• The First NSFW Cartoon Ever Made – Eveready Harton in “Buried Treasure”, 1928

    During this past International Cinema Day, I wanted to dig into one of my favorite mediums for storytelling: animation.

    What I found was what is considered to be the first Adult cartoon from 1928, Eveready Harton in “Buried Treasure”. This bit of historical horniness is one of the craziest things I’ve ever seen and I became obsessed with learning more about it.

    Let’s take a look at the early history of animation, the evolution of NSFW cartoons, and how this nearly 100 year-old film puts modern porn toons to shame.

    The Art of Animation

    Before we get into the actual film, I want to give those who are unfamiliar with how cartoons are made a quick lesson on this magical art form and the effort that goes into it.

    This way, you can really appreciate the time and sweat that went into this insane cartoon. You see, before we were blessed with the excesses of VR Porn Sites & AI Porn, things were much simpler.

    Modern animation is mostly done with computers and in 3D. Think of things like Pixar movies or Shrek. There is an unfathomable amount of effort with whole teams of people working out minute details in motion and performance.

    Traditional 2D animation, especially back in the old days, was an even more laborious process.

    For every second of a film you watch, there are 24 individual frames of still images that flicker by and give the illusion of motion. If the artist is animating every other frame, also known as animating on 2’s, that means they need to draw 12 images for every second on screen by hand.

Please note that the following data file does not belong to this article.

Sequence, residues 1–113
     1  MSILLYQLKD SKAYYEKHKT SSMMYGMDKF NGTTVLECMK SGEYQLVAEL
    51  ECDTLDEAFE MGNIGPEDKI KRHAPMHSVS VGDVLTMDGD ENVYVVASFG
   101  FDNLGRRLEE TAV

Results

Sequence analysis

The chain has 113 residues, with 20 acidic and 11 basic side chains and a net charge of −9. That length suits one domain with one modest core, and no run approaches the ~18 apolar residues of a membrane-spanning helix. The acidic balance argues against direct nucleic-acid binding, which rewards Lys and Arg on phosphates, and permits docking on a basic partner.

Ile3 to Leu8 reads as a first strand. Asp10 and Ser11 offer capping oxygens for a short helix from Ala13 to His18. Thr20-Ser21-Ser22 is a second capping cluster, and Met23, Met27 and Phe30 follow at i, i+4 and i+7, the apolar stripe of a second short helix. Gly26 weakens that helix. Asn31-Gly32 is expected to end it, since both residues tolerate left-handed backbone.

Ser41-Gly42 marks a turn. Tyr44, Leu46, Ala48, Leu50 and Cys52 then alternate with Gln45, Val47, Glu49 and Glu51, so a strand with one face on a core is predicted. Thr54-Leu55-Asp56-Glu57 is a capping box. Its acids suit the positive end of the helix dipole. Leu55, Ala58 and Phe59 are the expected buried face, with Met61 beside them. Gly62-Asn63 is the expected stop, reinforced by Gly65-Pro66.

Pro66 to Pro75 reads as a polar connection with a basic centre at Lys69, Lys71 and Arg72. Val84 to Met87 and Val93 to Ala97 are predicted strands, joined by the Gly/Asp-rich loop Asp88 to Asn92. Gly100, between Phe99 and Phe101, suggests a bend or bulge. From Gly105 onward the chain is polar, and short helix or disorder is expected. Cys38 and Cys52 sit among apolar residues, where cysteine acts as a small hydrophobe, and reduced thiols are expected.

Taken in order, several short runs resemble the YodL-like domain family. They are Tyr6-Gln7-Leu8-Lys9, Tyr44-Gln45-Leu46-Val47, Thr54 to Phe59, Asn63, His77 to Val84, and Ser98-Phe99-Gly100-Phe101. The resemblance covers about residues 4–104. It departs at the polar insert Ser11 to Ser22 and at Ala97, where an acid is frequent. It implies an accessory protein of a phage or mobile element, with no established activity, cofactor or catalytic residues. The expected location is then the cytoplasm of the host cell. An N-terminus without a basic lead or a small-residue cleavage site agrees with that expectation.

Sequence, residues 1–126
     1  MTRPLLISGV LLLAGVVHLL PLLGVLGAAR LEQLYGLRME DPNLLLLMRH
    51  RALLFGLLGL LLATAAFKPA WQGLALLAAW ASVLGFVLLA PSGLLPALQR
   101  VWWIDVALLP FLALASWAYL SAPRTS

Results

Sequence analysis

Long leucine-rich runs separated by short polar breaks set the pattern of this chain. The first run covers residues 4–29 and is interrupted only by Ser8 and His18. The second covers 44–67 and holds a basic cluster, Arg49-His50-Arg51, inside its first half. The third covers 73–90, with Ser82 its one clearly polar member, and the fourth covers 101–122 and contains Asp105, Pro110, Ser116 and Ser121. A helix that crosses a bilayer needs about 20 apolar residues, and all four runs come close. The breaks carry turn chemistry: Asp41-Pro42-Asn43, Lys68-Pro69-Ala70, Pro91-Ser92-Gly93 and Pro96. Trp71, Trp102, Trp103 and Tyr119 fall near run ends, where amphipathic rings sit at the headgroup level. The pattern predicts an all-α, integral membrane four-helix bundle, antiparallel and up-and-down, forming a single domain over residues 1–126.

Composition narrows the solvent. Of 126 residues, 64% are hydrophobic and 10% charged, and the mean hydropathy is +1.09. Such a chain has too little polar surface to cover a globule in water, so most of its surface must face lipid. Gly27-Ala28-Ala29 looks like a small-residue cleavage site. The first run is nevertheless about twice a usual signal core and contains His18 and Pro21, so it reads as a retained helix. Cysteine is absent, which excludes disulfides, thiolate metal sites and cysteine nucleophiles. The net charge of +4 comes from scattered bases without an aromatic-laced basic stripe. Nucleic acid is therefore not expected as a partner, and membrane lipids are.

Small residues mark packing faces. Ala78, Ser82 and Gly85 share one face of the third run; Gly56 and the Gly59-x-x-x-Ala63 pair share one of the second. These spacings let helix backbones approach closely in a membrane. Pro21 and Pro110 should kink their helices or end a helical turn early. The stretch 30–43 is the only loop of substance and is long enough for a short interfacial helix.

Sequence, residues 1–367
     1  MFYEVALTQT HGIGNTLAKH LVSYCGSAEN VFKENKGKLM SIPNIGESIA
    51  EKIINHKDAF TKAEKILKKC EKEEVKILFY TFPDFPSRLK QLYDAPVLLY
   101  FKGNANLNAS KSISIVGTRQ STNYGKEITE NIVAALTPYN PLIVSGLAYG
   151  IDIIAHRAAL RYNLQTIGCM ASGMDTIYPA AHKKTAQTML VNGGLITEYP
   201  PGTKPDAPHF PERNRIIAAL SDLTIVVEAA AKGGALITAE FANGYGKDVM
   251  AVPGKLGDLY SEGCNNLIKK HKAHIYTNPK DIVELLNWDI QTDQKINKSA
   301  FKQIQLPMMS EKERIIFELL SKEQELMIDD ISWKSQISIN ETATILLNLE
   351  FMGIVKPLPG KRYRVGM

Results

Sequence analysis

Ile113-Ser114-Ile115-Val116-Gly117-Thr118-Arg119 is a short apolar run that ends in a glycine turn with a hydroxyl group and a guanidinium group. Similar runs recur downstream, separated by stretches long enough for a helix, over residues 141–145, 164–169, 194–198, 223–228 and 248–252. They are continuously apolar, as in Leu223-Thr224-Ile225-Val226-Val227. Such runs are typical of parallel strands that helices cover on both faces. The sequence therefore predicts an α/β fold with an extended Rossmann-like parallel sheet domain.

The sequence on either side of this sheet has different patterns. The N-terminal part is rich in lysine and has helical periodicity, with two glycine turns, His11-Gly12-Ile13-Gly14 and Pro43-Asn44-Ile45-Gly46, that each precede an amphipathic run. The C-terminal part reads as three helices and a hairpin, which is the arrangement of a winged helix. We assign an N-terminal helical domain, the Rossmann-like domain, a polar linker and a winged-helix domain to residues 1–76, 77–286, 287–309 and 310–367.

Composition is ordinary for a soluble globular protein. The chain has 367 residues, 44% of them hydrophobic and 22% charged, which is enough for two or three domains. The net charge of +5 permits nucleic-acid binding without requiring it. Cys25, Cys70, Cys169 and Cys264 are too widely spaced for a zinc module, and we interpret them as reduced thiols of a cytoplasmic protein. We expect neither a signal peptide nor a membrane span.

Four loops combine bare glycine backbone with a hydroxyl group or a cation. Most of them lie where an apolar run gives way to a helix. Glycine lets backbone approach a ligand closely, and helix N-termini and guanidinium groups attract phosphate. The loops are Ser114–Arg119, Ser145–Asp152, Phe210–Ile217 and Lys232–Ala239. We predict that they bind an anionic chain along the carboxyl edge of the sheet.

The animator needs to keep a feeling of momentum and continuity between every frame of the scene.

    Animators also need to adhere to the 12 principles of animation in order to get an understandable or even watchable result. Here are the big 12 rules in one handy graphic:

    As you can see, the basic rules of good animation include technical things like timing and physics, but also aesthetic ideas such as appeal and exaggeration.

    Animation was in its infancy in the early 1920s. The world-famous debut of Micky Mouse was still on the horizon in 1928’s Steamboat Willie. These concepts were molded over years of sweat and thoughtful experimentation.

    In order to truly appreciate the insanity of Buried Treasure, you need to understand how much thought and craft went into what might be the craziest cartoon I have ever seen.

    The Plot (?) of Eveready Harton in “Buried Treasure”

    Okay. Strap in.

    The 1929 silent film opens with text that explains that our hero has escaped a group of “Hoary Amazens” and is stranded on a desert island.

    We fade in to find a small man who looks upsettingly like Mario taking a nap in a field with a raging boner the size of his torso. Two flies are resting on Eveready’s dick tip, which he promptly shoos away by firing a pistol at them.